Danubius International Conferences, 15th International Conference on European Integration - Realities and Perspectives

Considerations regarding the expertise of optical media that contain the results of technical surveillance in criminal causes

Andrei Apostol
Last modified: 2020-05-04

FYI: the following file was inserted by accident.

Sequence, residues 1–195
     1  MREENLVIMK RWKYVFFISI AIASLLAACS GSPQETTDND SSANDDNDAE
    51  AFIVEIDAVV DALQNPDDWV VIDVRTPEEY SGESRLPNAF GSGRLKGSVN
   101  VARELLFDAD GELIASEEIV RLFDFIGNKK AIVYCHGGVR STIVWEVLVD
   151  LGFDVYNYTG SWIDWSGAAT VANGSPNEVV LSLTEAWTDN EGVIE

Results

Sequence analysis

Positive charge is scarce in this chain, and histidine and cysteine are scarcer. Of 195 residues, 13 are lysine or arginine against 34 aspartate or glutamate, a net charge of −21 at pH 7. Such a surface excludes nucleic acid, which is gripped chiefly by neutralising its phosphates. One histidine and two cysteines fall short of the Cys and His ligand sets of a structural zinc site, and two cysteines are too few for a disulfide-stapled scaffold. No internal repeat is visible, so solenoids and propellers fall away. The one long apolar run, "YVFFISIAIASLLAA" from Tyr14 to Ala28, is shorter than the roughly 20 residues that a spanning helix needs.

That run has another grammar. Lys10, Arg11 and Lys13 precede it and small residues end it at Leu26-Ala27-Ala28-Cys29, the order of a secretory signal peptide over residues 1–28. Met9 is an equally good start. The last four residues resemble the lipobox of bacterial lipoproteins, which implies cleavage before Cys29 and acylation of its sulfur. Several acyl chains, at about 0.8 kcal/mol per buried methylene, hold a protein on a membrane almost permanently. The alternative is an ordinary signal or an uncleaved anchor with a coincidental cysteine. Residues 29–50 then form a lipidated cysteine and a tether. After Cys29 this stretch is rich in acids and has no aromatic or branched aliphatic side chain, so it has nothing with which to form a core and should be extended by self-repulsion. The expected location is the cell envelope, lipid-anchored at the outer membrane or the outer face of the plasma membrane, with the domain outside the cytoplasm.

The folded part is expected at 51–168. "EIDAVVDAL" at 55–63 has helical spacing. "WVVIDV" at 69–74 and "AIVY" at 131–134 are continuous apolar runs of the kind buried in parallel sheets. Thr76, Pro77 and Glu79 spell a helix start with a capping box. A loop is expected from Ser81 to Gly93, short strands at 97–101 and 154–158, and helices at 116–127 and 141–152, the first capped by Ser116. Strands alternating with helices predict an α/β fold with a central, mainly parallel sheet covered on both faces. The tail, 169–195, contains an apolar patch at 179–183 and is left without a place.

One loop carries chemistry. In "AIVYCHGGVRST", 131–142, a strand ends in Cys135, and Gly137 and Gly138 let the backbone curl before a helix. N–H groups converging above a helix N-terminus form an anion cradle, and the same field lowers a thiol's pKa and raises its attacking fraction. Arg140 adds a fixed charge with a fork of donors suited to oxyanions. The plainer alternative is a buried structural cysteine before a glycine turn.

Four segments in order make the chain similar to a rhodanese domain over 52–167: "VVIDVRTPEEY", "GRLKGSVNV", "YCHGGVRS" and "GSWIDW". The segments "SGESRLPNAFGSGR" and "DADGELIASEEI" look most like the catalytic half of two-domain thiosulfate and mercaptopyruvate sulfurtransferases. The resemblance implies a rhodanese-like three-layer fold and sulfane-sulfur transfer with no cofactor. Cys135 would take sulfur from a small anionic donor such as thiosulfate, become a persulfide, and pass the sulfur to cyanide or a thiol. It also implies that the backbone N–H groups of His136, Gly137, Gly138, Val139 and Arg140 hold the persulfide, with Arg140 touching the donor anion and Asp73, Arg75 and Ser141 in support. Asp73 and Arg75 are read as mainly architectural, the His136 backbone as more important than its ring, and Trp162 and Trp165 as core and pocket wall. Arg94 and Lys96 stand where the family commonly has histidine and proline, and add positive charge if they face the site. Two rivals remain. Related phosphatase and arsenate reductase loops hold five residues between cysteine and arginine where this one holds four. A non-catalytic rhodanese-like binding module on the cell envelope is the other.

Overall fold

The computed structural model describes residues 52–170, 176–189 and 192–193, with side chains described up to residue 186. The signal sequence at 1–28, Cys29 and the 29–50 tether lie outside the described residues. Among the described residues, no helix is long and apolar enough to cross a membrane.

In order for the data that results from the technical surveillance to form a veritablemeans of proof, it is mandatory that such informations are not to be altered in any way and that theoriginal support in which the data was printed to be kept secure. In the context of a society in whichtechnological advancements are increasing at a rapid rate, there exists a real risk of altering suchevidence. As such, it is in the prosecution's duty to secure the data resulting from technical surveillance. If there is doubt regarding the authenticity of such recordings, the only method toverify the reality of the data resulting from technical surveillances is a criminal expertise.Such an expertise can be performed in the course of a judicial inquiry so that the court canverify if the technical surveillance data has not been altered or manipulated in such a way that theactions of the defendants may gain criminal connotations.The jurisprudence is not unanimous in this regard, but if an opposite hypothesis is to beacknowledged, it would lead to absurd situations. Rejecting an expertise proposed in order todemonstrate the authenticity or the forgery of the data obtained through technical surveillancemeans convicting a person on the basis of unverified proof, while the European Court claims anexpress a posteriori verification regarding all evidence materials.